By Laura D'Angelo

Daniel Oerum, 17, former ecstasy abuser in treatment

Daniel Oerum, 17, of San Clarita Valley, California, wanted prom night to be special. So, he reached into his tuxedo pocket and took out pills stamped with images of Tweety Bird and Buddha. Ecstasy (also called E, X, XTC, Adam, hug, love drug, and beans) looked harmless enough. But Daniel found out the hard way how dangerous it can be.

"My heart was racing so fast. I thought I was having a heart attack," Daniel said. A friend helped him into the prom because his legs wouldn't stop trembling. The dance floor was located on a Hollywood movie set. Daniel tingled from head to toe. "Then I hit a peak," he said. "I felt like a movie star."
Later at a friend's house, Daniel crashed into gloom
and confusion. He swallowed two more "E" pills. Taking multiple doses within a relatively short time multiplies the toxic risks of any drug. With ecstasy, "stacking," or doubling the dose, carries especially high risk. The level of ecstasy builds and the user's body can't keep up with the amount of drug in his or her blood. That's what happened to Daniel.
"I lay down and couldn't lift my head," he said. "My legs were rocking back and forth."

The following weekend, Daniel dropped "E" at a rave where some 200 kids danced on a dirt clearing. Before long Daniel was selling ecstasy. "I'd walk into raves and yell 'E' and people would crowd around. I felt a sense of power." With the profits, he bought more ecstasy which he took often, always with other kids. "I did drugs so I didn't have to feel alone," he said.
When Daniel's father worked nights, friends flocked to his house. Adorned with glow-in-the-dark shirts and beads, they danced to trance music and chewed pacifiers to keep their teeth from grinding.


Soon Daniel was dropping up to five "E" pills a day. Desperate to feed his habit, he started selling cocaine and methamphetamine as well as ecstasy. "I was skinny. My skin was the color of paper. My teeth were rotting out," Daniel said. "I would steal anything I could get my hands on. I stole valuables from my dad. I didn't see anything wrong with the way I was acting."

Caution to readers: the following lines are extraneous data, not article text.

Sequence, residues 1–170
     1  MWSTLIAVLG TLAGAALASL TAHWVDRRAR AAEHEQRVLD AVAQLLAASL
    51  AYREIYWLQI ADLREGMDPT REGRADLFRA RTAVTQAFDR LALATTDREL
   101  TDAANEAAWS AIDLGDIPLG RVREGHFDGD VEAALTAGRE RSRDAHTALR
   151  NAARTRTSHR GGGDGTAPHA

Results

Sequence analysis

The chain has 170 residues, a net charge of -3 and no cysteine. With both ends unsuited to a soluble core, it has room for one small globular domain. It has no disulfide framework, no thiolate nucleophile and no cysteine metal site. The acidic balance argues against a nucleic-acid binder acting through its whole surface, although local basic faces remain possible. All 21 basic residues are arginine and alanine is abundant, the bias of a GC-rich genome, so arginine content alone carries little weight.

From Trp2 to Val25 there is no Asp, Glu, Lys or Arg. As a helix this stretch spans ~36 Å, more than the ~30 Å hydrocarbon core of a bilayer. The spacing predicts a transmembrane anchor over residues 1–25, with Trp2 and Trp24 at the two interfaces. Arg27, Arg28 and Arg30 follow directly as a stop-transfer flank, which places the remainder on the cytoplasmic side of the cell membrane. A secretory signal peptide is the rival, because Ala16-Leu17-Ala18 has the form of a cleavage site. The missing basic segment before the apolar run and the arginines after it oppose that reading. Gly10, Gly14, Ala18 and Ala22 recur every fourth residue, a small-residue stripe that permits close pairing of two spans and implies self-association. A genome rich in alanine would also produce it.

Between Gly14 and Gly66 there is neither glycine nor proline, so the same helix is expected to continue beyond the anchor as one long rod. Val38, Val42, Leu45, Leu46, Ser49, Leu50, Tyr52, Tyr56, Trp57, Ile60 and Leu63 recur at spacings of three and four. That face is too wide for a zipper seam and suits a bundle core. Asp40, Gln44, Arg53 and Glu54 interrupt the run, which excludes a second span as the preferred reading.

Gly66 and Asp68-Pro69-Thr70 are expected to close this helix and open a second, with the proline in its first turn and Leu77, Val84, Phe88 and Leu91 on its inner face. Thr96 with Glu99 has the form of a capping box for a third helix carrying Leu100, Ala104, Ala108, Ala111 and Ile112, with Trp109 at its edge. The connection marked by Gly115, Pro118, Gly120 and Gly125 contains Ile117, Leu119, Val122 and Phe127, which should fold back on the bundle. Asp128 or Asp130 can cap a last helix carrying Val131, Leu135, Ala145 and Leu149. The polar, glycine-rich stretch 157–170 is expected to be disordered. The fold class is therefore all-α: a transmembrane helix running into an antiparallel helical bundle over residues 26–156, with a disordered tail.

Once, a friend's mother wanted to buy drugs from Daniel. When he delivered the bag of speed to the house, Daniel watched his friend's face crumple in sadness. "I felt really bad. I saw lives being destroyed because of what I was doing," he said.
On New Year's Eve, Daniel's girlfriend called him a "drug addict" and a "lowlife." He jumped out of her car. "Staring at the city hotels and gas stations, I thought 'I'm going to be living alone in the streets' and that scared the daylights out of me," Daniel recalled.
The next morning, he went to his father and said, "Dad, I need help."


A resident of Phoenix House, a drug-treatment center in Lake View Terrace, California, Daniel has been clean for six months. He's gained weight, and he cares about himself again. But he worries about ecstasy's effects. "I feel like I've suffered brain damage,"
he said. "Sometimes I get stuck in conversations, because I can't find a word." Other times he walks the unit and stops in horror, forgetting where he's going.
Daniel is trying to understand his past and piece his life back together. "I got into drugs because I felt like no one liked me. Then nobody wanted to be around me because of
the drugs, and I ended up completely alone," he said. "I feel like a new person now."

On how he felt when he was on ecstasy:

"I didn't care about anyone or anything. I just cared about doing my own thing, selling and partying. I'd take out anyone who got in my way."

"Ecstasy is a roller coaster. It brings you up so high that you feel like you're on top of the world. When you come down you feel like a complete outsider, like you don't belong anywhere."

On how he saw ecstasy affect others:

"I'd see people get real bad with E. They'd sell the shirt off their backs. This guy once offered me his dirt bike for 40 pills. People tried to give me watches and stuff that I knew they stole from their families. Another guy wanted to give me a bunch of women's jewelry and a 40-speed bike for a couple pills of E."

On what he'd tell other kids:

"I'd like to join an N.A. (Narcotics Anonymous) panel and talk to kids who are using. I'd tell them, `Get out while you can. It starts out as all fun, games and parties but it leads to real nasty things. You become your own worst enemy.' "

For more information on ecstasy, check out

• NIDA's pages on ecstasy:
• NIDA's site on club drugs:
• the Web site for "In the Mix," the award-winning PBS reality series for teens, which devotes an episode to ecstasy use by teens: